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After years of struggles, value stocks are expected to outperform. Here’s how to profit

January 20, 2022, 10:00 AM UTC

Oh, those poor value stocks. They’ve been wallflowers for years, as trendy tech shares zoomed aloft. But even as the tech stars outshone them, Wall Street retains a soft spot for value strategies, which lately seem to be perking up. This provides an opening for opportunistic investors. For the past 10 years, growth has skunked value big-time. The iShares growth ETF rose 18.4% annually, versus 12.8% for value. Over the past five years, the contrast has been even starker: 22.6% versus 11.9%.

Value investing is a quest for tarnished gems, underappreciated stocks that the market will some day awaken to. Almost by definition, value investors are contrarians, going against the popular grain. Value stocks’ price/earnings (P/E) ratios, the standard affordability measure, tend to be low. So they can be scarfed up cheaply. Their often-rich dividends are an added enticement. (Growth stocks have surging revenues that propel their share prices and P/Es skyward, yet they rarely offer dividends.)

And in 2022, the tide may be turning, with many market watchers predicting that value should do slightly better than growth, because higher inflation and interest rates historically favor value, according to LPL Financial. Financial services, energy, and industrials are the value sectors that will benefit the most, says the investment firm.

That comeback may already have started. Since before the holidays, dormant value began to rally, as technology-heavy growth flagged amid talk of rising interest rates. Higher rates tend to sap the earnings power of tech stocks in years ahead. Thus far in 2022, the iShares S&P 500 Value (IVE) exchange-traded fund has advanced 1.2%, while its growth counterpart, iShares S&P 500 Growth (IVW), has lost 5.1%.

Sure, value has seen false dawns before. In late 2020 and early 2021, value stocks overall suddenly did better than growth, as rising optimism about the pandemic’s end emboldened investors to venture into the bargain bin. At the time, financial advisers began urging “rotation” for their clients into value and out of growth. But then the value spurt ebbed and those stocks stayed flat from May until recently.

Classically, value performs best in the beginning of an economic cycle, as previously sidelined money pours into solid, unflashy stocks that investors can trust. That’s what happened after the 2000 dotcom crash, when long-shunned old-time stalwarts became go-to investments. Value names like Procter & Gamble and Duke Energy rallied. The same value rebound followed the 2008–09 financial crisis.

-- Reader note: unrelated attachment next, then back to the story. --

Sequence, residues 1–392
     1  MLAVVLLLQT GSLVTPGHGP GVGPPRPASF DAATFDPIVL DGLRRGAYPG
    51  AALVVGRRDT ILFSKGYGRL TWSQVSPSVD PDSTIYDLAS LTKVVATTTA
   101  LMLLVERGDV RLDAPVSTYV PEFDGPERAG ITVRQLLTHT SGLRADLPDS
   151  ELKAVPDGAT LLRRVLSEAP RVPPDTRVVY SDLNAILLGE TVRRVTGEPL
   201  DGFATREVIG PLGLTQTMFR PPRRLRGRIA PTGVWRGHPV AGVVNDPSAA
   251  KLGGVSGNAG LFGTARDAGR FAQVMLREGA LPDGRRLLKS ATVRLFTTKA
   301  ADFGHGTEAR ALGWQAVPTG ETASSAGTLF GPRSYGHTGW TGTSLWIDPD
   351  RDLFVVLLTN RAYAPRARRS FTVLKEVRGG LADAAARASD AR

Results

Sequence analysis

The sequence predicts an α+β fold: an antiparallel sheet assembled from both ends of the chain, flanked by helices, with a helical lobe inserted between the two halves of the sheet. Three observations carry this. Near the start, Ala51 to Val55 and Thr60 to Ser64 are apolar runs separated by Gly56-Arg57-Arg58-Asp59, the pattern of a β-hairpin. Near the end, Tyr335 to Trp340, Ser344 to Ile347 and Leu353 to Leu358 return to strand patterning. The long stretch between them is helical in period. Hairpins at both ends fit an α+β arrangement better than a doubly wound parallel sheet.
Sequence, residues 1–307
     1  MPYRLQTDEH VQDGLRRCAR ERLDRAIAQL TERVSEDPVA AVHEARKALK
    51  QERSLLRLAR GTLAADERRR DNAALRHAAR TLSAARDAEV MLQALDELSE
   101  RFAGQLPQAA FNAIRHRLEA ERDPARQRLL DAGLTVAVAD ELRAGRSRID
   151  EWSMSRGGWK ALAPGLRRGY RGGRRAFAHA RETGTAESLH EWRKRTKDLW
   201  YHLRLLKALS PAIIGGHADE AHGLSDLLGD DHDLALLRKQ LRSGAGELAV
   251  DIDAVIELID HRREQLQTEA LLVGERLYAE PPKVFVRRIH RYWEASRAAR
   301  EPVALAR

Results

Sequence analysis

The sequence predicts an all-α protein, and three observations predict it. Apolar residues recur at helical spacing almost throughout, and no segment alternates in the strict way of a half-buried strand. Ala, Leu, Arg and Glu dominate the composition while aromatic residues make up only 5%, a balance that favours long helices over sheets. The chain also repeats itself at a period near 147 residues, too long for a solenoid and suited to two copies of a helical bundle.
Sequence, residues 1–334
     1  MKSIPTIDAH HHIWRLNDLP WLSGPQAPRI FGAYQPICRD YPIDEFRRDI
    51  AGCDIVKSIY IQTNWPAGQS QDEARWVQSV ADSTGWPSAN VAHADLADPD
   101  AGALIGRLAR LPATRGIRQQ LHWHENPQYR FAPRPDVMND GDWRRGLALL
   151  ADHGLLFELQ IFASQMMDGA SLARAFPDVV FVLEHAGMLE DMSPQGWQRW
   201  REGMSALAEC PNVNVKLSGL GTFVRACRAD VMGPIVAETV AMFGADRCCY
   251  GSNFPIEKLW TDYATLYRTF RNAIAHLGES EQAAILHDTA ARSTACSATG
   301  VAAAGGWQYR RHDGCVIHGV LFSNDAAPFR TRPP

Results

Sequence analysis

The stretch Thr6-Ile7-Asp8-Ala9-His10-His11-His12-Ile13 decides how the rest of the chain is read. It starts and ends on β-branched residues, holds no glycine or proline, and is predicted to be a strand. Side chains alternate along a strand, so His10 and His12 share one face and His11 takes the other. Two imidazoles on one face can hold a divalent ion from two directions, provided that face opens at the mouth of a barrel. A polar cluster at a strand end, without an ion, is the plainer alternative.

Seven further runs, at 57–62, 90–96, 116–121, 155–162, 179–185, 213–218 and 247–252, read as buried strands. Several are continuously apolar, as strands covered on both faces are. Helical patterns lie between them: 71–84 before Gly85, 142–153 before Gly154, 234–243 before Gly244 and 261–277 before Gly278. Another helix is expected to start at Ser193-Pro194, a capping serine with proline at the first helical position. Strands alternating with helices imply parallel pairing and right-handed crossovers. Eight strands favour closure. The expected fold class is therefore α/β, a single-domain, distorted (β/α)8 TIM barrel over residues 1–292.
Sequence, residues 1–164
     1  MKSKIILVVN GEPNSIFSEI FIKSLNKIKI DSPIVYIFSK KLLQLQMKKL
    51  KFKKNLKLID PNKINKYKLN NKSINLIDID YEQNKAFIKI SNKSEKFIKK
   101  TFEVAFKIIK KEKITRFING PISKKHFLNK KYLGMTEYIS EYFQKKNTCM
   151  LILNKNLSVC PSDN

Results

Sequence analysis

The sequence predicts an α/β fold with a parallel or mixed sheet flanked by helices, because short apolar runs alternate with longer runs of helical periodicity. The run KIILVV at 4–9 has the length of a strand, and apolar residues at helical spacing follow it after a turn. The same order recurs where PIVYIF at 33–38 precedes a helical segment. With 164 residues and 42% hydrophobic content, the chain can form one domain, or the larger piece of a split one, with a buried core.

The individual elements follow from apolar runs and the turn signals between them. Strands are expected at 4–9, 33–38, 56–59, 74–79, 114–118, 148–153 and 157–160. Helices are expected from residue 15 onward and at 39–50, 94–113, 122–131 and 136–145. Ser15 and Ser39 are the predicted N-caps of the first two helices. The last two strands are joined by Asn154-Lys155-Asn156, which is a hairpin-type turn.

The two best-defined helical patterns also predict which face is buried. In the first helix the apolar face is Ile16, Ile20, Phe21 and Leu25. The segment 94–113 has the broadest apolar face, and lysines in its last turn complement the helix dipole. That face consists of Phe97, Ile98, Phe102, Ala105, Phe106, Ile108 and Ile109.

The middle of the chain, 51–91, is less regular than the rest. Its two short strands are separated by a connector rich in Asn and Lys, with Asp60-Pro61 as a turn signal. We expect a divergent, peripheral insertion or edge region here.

That said, value’s advantage has narrowed over the years. Economists Eugene Fama and Kenneth French concluded that value handily outperformed growth from 1963 to 1991, by 4.3% annually, but later on, they found that value’s edge narrowed to 0.6%. No one is sure why the change took place. Some think the ascent of tech, with its extraordinary revenue escalation and burgeoning intangible assets—the worth of nonphysical things like data and operating systems, etc.—changed the picture.

The upshot is that investors in recent years have needed to be even more discerning about their value selections if they want to find incipient winners.

Value stocks to buy now

Value stocks fall mainly into two categories, defensive and cyclical. The defensive ones seldom go very far down in a recession, and also seldom rocket when times get better: consumer staples and utilities, for instance. The cyclicals are very sensitive to the economy and have a lot of upside once things improve. Energy and financials are prime examples.

The cyclicals are having a moment, owing to a still-strong economy that nonetheless is dogged by scarcities. These days, as the world hustles for fuel, energy stocks have done well (up 53% in 2021, and 11% year to date). Ditto for financials (ahead 32% last year, 5% this year), with interest rates on the rise, which is good for banks because they can charge more for loans.

A big beneficiary in the energy sector is Devon Energy (DVN), whose stock has almost doubled over the past 12 months, as revenue and earnings have shot ahead after a money-losing 2020. Operating cash flow for last year’s third quarter was up 46% over the second period. Devon is involved in oil and natural-gas drilling and exploration. The catalyst here is that crude prices leaped 57% over the past 12 months and gas climbed 65%.

Another unsung value play: Arizona public utility Pinnacle West Capital (PNW), whose stock is down almost 10% over the past 12 months to mid-January, partly due to an unfavorable rate ruling by regulators. The company still has commendable cash flow, serves an area with a swelling population, pays a healthy 5% dividend yield, and sports an inexpensive 14 P/E.